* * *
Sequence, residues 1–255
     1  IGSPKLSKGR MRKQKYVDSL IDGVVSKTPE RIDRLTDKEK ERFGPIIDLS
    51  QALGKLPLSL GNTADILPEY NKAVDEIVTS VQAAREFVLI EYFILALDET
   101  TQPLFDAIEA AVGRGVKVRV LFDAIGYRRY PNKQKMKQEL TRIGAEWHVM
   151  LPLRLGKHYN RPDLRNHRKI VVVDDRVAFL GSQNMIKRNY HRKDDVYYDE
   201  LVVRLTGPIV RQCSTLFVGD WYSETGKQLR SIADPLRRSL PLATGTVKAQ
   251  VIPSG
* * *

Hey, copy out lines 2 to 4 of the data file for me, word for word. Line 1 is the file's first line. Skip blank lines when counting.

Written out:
     1  IGSPKLSKGR MRKQKYVDSL IDGVVSKTPE RIDRLTDKEK ERFGPIIDLS
    51  QALGKLPLSL GNTADILPEY NKAVDEIVTS VQAAREFVLI EYFILALDET
   101  TQPLFDAIEA AVGRGVKVRV LFDAIGYRRY PNKQKMKQEL TRIGAEWHVM